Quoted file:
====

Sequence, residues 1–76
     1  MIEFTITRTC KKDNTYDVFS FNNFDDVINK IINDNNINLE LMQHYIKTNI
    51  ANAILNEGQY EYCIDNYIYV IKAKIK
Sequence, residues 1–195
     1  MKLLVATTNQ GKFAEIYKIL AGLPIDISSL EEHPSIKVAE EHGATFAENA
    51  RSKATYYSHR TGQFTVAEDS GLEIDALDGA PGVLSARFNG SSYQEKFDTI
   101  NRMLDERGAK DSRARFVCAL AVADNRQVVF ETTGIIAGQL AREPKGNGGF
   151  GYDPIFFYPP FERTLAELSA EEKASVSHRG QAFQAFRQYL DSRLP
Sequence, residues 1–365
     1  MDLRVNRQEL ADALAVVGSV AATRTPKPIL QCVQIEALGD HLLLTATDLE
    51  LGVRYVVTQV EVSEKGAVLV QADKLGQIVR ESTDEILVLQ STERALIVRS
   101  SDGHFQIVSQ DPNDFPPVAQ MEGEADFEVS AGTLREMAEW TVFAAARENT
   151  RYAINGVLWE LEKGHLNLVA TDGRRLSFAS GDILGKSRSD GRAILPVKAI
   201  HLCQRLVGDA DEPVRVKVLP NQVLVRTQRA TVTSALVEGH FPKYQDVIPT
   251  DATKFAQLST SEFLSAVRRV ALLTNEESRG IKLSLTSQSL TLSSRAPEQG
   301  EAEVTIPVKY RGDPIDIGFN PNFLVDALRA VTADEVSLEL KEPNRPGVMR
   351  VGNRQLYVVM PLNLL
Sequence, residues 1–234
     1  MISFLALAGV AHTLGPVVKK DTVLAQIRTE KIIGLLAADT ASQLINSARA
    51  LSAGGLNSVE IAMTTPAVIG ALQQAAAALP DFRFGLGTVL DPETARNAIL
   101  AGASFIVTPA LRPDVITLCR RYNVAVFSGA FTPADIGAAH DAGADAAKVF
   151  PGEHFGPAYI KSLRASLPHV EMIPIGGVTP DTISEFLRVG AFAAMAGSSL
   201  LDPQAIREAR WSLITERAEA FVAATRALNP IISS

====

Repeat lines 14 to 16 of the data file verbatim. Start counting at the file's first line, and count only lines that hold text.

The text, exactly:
   201  HLCQRLVGDA DEPVRVKVLP NQVLVRTQRA TVTSALVEGH FPKYQDVIPT
   251  DATKFAQLST SEFLSAVRRV ALLTNEESRG IKLSLTSQSL TLSSRAPEQG
   301  EAEVTIPVKY RGDPIDIGFN PNFLVDALRA VTADEVSLEL KEPNRPGVMR